Reverse logistics has a problem. Starting with the word “reverse.”

Think of your automobile. You shift your vehicle’s transmission to move forward or go in reverse. In that case, reverse is simply the opposite of forward.

Not so for reverse logistics. Supply chain operations that use the six mega-processes of PLAN, BUY, MAKE, MOVE, STORE, and SELL to get product into the hands of your end customer are not the exact opposite of the processes necessary for reverse logistics.

Your forward logistics omnichannel, what I call unichannel, means customers can buy anywhere and deliver anywhere. They can shop in stores, buy online and pick it up at the store, buy online and have it delivered to their home, office, anywhere.

A reverse logistics omnichannel would offer consumers the same options. For the most part, that doesn’t happen. But it should. Your customers should be able to return items to a store, via UPS, via FedEx, via the U.S. Postal Service – a true omnichannel reverse logistics approach. This might even require partnering with organizations you normally view as competitors.

The Amazon-Kohl’s partnership is a perfect example.

Seemingly, the e-tailer and retailer compete against each other for the same consumer dollar. Kohl’s wants traffic in its stores – without traffic, no sales. Amazon wants apparel shopping easier to lower the barrier – lots of folks won’t buy apparel online if they face big hassles returning items that didn’t match the color on screen, didn’t fit right, or arrived damaged.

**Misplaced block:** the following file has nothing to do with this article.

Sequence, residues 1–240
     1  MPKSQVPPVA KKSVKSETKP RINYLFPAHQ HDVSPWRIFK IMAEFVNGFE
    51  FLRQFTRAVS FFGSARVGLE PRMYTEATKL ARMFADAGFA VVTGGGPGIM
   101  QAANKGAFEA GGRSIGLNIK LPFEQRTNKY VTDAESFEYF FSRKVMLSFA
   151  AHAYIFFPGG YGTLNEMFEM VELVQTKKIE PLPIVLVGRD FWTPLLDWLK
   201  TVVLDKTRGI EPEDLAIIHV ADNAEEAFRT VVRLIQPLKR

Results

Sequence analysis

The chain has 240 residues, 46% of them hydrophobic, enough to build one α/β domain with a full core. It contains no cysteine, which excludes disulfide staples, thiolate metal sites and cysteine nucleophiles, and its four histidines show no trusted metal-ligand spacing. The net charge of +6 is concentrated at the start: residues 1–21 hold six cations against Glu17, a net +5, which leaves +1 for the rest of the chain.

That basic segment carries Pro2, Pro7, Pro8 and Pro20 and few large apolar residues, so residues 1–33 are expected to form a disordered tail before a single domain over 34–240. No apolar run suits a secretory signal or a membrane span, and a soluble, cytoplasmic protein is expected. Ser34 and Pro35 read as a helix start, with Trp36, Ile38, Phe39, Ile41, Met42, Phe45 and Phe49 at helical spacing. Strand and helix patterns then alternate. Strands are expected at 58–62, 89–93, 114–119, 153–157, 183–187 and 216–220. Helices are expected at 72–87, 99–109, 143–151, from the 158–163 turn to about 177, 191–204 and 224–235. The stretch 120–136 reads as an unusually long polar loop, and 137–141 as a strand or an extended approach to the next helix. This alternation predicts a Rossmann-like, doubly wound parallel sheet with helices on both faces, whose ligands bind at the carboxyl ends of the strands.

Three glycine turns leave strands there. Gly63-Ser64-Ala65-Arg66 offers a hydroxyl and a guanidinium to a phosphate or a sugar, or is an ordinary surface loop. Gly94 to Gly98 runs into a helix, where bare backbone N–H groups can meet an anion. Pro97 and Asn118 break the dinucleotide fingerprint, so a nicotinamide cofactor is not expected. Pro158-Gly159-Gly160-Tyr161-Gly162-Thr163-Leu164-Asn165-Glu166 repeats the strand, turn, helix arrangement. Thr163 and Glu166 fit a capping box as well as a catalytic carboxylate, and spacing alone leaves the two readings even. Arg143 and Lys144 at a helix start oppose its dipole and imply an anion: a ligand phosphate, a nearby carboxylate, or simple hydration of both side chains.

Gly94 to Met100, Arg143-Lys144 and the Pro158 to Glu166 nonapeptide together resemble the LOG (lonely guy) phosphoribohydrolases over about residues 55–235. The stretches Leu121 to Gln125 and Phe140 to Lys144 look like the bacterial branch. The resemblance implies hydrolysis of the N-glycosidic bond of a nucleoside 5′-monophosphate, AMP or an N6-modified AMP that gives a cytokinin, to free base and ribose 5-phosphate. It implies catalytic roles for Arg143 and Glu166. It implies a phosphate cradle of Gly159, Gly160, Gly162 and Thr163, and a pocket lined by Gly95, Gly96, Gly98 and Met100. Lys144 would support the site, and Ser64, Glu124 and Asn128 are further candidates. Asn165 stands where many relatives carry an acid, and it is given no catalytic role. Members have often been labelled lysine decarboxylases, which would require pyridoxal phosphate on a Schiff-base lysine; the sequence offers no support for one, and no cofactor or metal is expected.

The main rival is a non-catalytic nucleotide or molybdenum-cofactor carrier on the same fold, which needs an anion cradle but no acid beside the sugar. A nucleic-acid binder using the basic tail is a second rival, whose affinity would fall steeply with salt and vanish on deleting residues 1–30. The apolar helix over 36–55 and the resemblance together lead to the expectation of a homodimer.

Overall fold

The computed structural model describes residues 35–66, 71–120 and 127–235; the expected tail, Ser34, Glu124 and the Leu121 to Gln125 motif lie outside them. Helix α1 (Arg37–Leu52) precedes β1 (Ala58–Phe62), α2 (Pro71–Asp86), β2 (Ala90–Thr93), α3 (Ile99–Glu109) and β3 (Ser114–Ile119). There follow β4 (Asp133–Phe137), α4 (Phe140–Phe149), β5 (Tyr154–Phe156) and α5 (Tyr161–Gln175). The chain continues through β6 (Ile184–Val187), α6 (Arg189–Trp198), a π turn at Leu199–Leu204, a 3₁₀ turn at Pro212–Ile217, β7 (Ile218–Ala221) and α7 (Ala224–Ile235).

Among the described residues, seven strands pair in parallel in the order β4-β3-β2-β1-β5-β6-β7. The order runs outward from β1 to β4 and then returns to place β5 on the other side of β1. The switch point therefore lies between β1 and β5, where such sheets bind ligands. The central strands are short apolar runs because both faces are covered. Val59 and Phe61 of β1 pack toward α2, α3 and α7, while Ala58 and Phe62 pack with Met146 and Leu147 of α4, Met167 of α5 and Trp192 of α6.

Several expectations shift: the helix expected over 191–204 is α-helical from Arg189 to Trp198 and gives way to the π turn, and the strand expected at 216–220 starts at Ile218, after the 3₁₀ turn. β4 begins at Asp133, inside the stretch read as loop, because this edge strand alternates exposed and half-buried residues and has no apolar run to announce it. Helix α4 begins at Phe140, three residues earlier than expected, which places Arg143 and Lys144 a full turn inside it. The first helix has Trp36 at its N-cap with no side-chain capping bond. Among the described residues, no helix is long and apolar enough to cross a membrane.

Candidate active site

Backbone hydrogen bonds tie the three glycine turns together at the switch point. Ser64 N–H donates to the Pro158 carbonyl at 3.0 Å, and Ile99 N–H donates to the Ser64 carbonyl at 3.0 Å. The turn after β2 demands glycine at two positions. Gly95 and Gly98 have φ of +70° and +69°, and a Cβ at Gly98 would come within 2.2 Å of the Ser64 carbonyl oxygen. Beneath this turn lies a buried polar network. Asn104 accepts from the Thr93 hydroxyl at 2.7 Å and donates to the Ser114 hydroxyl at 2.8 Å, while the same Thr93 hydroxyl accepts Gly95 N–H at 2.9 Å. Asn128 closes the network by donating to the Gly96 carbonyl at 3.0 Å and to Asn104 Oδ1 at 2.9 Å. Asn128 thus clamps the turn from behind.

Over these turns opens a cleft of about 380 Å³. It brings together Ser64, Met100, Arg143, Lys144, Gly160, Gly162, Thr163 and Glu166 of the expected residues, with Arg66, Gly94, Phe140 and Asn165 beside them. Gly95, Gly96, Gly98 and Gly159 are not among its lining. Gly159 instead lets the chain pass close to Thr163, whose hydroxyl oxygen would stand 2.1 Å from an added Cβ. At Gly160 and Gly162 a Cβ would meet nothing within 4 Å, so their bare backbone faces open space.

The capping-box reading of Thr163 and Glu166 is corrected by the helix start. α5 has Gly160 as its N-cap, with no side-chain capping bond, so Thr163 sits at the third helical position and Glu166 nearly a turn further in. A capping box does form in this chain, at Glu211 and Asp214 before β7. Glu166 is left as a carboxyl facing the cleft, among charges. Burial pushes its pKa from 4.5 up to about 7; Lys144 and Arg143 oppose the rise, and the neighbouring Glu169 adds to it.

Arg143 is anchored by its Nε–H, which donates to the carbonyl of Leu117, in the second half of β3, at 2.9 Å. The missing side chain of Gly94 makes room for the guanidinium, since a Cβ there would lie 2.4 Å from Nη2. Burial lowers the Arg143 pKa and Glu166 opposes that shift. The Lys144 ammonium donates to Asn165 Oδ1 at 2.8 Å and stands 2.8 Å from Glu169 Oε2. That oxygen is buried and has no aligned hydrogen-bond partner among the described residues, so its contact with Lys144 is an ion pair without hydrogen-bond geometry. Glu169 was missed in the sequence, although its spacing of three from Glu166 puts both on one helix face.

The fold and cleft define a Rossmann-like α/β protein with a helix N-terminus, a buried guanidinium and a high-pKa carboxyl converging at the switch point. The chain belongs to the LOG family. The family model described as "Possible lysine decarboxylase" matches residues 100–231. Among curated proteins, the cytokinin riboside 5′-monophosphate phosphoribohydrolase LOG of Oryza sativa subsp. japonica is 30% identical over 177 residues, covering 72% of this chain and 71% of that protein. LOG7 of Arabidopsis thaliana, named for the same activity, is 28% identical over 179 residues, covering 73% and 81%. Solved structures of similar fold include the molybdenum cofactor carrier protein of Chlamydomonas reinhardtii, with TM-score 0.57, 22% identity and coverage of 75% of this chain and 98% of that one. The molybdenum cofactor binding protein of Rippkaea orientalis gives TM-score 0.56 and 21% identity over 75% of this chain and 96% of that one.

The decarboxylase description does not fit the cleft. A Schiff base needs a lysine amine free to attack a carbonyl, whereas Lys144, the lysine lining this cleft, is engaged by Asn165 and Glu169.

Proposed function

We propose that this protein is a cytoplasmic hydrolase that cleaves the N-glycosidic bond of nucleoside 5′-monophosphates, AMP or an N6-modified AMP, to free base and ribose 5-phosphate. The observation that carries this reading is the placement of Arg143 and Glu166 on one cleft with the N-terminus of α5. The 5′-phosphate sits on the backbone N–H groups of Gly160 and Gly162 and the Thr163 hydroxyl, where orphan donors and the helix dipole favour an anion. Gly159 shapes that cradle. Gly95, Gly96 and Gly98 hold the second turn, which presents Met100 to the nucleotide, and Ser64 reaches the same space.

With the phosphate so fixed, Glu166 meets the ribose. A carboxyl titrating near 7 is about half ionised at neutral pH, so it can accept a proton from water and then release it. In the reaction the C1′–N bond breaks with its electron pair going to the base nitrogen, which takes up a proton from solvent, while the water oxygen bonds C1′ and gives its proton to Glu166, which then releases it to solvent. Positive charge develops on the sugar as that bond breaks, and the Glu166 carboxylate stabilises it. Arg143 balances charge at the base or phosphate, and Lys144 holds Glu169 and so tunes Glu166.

As detailed in my latest book, Insightful Leadership: Riding the Waves to Organizational Excellence, Amazon directs its customers to traipse to Kohl’s, where they can hand the item in for a return and be done with it. That drives traffic to the store, which helps Kohl’s generate sales.

Returns are big business – and becoming bigger. As Logistics Management reported in its recent article “Transportation Trends and Best Practices: Many happy returns,” the value of overstocked goods and returns in supply chains has doubled since 2008. Zac Rogers, assistant professor of supply chain Management at Colorado State University, expects returns to continue growing at 6% a year. Grandview Research, on the other hand, expects the $840.7 billion global reverse logistics market to grow at a compound annual growth rate (CAGR) of 12.4% from now until 2028.

Many in the retail field treat returns with disdain. They think adding a returns center and a liquidation center handles everything. Amazon, instead, offers customers true omnichannel returns, not reverse logistics. A solid return policy means great customer service, a great value add. Customers remember – and return to do business with you.

Likewise with 3PLs and others in the logistics business. Those not offering their clients reverse omnichannel options are missing out on increased revenue per returned unit (2-5X more revenue than fulfillment) and more margin on each shipping label.

Now is the perfect time to make sure your operations are ready for the onslaught of returns coming in January. Now is the time to make returns as simple as shopping.

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